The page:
String
A collection of characters which together are used to represent text. In
Java, strings can be stored and manipulated using the String class,
which includes several useful methods for handling text, such as string
comparison, concatenation and lower to uppercase conversion.
Subclass
A class that has inherited the state and behaviour of another (which is
known as a superclass). Subclasses can be created by using the Java
keyword extends.
Superclass
The ‘parent’ of a subclass. All public or protected methods and
variables of a superclass are available to any subclasses that inherit it.
Thread
A single sequential flow of program instructions. The concept of
threads becomes more useful when multiple threads are used in the
same program. This allows instructions to be processed in parallel.
Commonly, multiple threads are used to speed up the responsiveness of
GUIs, and to respond to dynamic events. In Java, threads are created
explicitly either by inheriting the Thread class, or by implementing
the Runnable interface.
Tree
A type of data structure that links elements or nodes together without
any closed loops. Often used for representing hierarchical structures,
314
Glossary
and can be navigated efficiently using recursion. The DOM structure for
representing XML is an example of tree.
Unicode
A coding system for representing text characters in a variety of
international scripts (Latin, Cyrillic, Hebrew, Arabic, Hiragana etc.)
Java uses Unicode to store text in its String class and char
primitive.
User interface
The means by which communication between the user and computer is
enabled. This will usually involve some form of input from the user,
and output from the computer. The nature of the user interface will
depend on purpose of the application, user requirements, and hardware
constraints. It may involve simple text-based user interaction (such as
on a mobile phone) or a more sophisticated graphical user interface
(GUI). This term should not be confused with the object-oriented
concept of the interface.
Variable
A portion of the computer’s memory that can be used for storing,
changing and retrieving an element of data. In object-oriented
programming, variables are often described as fields. They can range
from the simplest Boolean values, to complex objects containing many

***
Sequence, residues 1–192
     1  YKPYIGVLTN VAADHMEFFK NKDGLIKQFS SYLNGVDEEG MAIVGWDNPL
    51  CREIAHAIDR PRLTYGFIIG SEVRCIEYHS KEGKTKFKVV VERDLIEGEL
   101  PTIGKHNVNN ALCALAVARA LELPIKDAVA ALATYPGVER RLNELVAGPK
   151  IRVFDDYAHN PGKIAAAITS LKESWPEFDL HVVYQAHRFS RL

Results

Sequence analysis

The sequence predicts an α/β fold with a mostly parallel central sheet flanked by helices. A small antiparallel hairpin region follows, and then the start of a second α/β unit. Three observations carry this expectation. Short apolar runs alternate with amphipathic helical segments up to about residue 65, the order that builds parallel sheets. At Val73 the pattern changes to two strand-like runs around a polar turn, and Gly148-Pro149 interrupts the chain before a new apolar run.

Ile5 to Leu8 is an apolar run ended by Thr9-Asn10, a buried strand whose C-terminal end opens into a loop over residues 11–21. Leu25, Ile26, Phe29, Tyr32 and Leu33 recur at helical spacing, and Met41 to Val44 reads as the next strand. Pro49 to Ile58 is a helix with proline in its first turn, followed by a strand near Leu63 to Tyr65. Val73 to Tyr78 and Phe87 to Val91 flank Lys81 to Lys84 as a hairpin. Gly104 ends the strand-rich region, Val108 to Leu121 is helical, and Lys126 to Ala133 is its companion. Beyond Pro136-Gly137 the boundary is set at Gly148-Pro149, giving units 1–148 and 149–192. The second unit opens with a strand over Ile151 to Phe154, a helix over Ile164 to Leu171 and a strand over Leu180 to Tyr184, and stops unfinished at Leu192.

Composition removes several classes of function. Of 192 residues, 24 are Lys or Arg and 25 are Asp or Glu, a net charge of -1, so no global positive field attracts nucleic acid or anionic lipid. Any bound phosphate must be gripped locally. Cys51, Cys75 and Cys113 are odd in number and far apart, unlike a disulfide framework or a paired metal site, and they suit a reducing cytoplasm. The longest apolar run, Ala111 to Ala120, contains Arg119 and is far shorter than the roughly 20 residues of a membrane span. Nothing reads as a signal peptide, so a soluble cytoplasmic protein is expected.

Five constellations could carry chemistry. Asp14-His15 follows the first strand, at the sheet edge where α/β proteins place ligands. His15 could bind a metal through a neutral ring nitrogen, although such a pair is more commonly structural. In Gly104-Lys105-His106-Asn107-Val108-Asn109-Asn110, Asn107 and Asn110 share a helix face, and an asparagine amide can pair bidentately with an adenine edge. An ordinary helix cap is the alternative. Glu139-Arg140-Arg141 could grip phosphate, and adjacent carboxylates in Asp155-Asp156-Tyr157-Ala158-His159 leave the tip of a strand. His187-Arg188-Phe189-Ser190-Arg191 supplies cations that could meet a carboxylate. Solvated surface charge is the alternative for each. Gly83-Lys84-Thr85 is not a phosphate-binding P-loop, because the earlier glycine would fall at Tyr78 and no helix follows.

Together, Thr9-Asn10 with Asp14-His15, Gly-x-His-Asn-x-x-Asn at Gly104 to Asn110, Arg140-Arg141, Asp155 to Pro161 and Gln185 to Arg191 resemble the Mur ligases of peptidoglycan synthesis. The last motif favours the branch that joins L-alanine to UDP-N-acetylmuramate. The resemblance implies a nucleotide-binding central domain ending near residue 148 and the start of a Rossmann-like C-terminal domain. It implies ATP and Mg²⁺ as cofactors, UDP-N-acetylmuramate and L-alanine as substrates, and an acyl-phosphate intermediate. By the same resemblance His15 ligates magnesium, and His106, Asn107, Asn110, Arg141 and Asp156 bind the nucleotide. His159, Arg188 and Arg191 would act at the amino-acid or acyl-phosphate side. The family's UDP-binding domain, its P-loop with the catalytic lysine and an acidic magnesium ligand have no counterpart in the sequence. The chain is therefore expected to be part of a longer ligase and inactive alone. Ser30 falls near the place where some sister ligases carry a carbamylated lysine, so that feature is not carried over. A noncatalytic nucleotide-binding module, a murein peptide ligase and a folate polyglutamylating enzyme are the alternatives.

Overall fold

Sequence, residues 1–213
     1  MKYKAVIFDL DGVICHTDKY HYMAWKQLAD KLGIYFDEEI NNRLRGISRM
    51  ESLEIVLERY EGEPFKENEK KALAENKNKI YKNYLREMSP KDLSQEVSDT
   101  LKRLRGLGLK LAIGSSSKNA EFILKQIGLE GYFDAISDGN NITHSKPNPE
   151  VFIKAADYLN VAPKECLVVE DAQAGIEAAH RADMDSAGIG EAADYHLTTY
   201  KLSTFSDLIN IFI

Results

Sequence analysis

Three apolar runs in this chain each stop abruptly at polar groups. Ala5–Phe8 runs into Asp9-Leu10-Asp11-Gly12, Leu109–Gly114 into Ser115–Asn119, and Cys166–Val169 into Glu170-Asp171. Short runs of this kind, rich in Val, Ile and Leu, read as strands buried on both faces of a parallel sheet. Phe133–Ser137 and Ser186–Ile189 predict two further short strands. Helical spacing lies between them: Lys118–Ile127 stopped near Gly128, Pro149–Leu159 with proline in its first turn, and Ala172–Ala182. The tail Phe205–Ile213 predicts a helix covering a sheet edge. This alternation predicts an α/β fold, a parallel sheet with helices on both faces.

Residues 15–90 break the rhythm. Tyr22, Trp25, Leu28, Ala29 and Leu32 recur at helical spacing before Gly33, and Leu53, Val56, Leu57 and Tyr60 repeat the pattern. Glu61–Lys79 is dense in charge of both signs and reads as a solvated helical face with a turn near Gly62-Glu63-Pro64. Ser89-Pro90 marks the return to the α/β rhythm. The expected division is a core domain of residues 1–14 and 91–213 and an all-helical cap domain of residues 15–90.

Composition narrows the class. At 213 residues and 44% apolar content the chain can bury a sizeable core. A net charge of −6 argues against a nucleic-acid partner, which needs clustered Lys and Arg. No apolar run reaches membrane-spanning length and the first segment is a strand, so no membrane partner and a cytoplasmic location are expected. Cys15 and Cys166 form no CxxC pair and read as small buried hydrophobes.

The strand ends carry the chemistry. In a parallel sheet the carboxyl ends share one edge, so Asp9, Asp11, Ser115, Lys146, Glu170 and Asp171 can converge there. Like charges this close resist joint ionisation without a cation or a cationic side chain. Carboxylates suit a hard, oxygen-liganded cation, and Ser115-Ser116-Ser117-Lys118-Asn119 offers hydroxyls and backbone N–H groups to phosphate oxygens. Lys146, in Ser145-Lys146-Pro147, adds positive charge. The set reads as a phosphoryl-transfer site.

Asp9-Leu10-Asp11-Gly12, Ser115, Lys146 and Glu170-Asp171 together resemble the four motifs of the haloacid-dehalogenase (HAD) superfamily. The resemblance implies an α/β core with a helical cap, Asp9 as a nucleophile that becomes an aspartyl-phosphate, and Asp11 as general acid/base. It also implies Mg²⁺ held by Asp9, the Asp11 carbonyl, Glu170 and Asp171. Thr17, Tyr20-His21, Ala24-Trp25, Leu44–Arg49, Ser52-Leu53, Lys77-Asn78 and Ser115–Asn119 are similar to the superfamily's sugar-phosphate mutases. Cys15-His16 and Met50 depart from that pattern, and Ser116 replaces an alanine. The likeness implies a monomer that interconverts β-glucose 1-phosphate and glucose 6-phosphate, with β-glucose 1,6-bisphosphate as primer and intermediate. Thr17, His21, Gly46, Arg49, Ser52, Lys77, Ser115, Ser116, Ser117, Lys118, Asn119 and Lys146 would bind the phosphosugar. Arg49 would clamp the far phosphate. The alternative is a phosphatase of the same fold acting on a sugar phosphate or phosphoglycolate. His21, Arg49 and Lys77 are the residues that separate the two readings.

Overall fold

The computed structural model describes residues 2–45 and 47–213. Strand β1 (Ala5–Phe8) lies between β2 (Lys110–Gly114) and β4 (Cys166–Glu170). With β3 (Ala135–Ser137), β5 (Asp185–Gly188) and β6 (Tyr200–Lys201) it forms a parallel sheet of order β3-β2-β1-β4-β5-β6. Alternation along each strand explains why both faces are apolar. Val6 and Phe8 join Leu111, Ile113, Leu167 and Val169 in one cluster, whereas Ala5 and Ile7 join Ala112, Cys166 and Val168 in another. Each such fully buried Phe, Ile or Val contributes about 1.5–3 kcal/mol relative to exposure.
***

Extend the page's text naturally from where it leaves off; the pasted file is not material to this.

items of data.
Vector
In the context of Java programming, a Vector is a class in the
java.util package for storing lists of objects. A vector list can be
added to or reduced dynamically at run time.
Spatial programmers may also recognise a (GIS) vector as a
representation of a spatial boundary by one or more sets of coordinates.
Just to confuse matters further, Java Vectors can conveniently be used
for representing GIS vectors.
Word
A collection of bytes used to represent larger units of data. Words are
typically 2, 4 or 8 bytes long. Different computer systems may use
different length words as their basic unit of numeric processing (socalled 32 bit or 64 bit machines for example) although Java standardises
its storage units across platforms.
XML
eXtensible Markup Language. A ‘meta-language’ for creating new
markup languages such as HTML. The use of XML has generated
considerable interest in recent years as it allows the relatively easy
representation and transmission of information over the internet.
Index
9-intersection model, 127
abstract (Java keyword), 48
abstract data type, 50
abstract methods, 48
abstract windowing toolkit, 55, 137
component hierarchy, 57
abstraction, 6
accessor methods, 52
ActionListener (Java interface), 196
actionPerformed() (Java method), 196
adapter class, 199
adapter methods, 217
ADT. See abstract data type
affine transformation, 219
AffineTransform (Java class), 219, 276
aggregation, 21
algorithm, 75, 106
anti-aliasing, 224
ants in the garden, 2, 7, 62, 117, 142, 173, 289
API. See application programming interface
applets, 10, 265, 289
security, 271
trusted, 272
appletviewer (Java tool), 273
application programming interface, 135, 272
documentation, 137
ArcGrid, 251
archiving, 141
ArcInfo, 251
arithmetic operators, 73, 74
array, 84, 155
declaration, 85
element, 85
index, 85
initialisation, 85
multidimensional, 86
ASCII, 114
assembly language, 6
assignment operation, 75
attributes, 280
AWT. See abstract windowing toolkit
behaviour, 8, 19, 31
binary numbers, 4
bit, 233
bitmap, 87
BlueJ (integrated development environment),
14
Boole, George, 76